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     The participants in this study were college freshmen at a small liberal arts college in New Hampshire.  These students signed up to participate in this study as a requirement for their General Psychology course.  The participants were male and female between the ages of 18 and 20.  There were 37 females and 5 males, totaling 42 participants. 

      The participants were each given two questionnaires.  The first questionnaire was the Student Adaptation to College Questionnaire (SACQ).  The SACQ is a standardized test with 67 items that are answered on a 9-point scale varying from applies very closely to me to doesnít apply to me at all.  Scores are found for academic adjustment, social adjustment, personal/emotional adjustment, attachment, and finally the full-scale score.  The academic adjustment scale measures how the student is coping with their various new educational demands.  The social adjustment scales measures how well the student is dealing with the interpersonal-societal demands in their new environment.  The personal-emotional scale measures the psychological distress of the student in dealing with their adaptation to college.  Finally, the attachment scale measures a studentís commitment and connection to their college.  All these subscales provide for a broad range of adaptation measurement.  (Baker & Siryk, 1999)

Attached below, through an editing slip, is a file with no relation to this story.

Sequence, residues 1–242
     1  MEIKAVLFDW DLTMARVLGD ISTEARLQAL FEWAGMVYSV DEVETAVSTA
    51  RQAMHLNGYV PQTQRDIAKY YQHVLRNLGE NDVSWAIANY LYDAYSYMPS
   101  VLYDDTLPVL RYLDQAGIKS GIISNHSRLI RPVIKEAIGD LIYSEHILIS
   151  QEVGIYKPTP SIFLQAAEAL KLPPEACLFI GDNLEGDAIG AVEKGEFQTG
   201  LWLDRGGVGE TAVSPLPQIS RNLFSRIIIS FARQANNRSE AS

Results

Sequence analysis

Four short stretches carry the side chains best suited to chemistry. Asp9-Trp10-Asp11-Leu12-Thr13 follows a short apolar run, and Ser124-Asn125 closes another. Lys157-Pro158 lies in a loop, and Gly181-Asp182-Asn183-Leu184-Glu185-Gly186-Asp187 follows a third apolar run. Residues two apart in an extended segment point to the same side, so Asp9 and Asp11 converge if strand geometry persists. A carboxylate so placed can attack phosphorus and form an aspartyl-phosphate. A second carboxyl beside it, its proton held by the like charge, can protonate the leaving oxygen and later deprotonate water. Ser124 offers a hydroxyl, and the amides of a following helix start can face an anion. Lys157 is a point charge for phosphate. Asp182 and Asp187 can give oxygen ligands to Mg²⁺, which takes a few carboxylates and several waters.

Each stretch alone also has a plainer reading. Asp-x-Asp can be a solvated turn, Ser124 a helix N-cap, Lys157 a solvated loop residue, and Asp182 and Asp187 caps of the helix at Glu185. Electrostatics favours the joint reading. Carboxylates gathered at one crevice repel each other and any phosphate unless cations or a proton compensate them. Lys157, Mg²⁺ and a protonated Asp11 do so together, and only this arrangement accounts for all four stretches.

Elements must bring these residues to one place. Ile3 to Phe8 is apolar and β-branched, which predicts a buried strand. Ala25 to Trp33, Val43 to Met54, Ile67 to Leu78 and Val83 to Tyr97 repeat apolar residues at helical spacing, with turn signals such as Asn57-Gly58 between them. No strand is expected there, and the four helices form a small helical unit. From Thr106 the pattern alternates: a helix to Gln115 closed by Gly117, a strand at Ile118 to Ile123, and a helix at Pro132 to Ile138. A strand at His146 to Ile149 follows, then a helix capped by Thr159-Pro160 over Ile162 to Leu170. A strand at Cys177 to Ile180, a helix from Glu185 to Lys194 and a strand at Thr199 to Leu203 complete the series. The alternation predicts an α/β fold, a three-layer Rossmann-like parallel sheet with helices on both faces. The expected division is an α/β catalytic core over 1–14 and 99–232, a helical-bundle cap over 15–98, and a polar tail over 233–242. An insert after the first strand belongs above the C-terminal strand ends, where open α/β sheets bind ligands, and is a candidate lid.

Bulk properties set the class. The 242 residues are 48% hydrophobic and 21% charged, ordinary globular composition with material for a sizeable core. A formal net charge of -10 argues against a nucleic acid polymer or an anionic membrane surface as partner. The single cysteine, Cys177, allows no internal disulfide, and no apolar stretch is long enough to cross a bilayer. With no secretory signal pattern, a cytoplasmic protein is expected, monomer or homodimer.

The other questionnaire was designed to measure the usage of heuristics in comparison to factual information.  The questionnaire was made based on a previous questionnaire developed by Smith in 1994.  This questionnaire is divided into two parts.  Part one asks students to rate how similar they felt certain factors were for their peers in the decision process last year.  The second section asked students to read six different stories and rate how closely they were to their own experiences.  Section two had two stories for each the availability heuristic, representative heuristic, and factual usage, totaling six stories.  Both section one and two had an equal amount of factors that would predict use of either the availability heuristic, the representative heuristic use, or pure fact usage.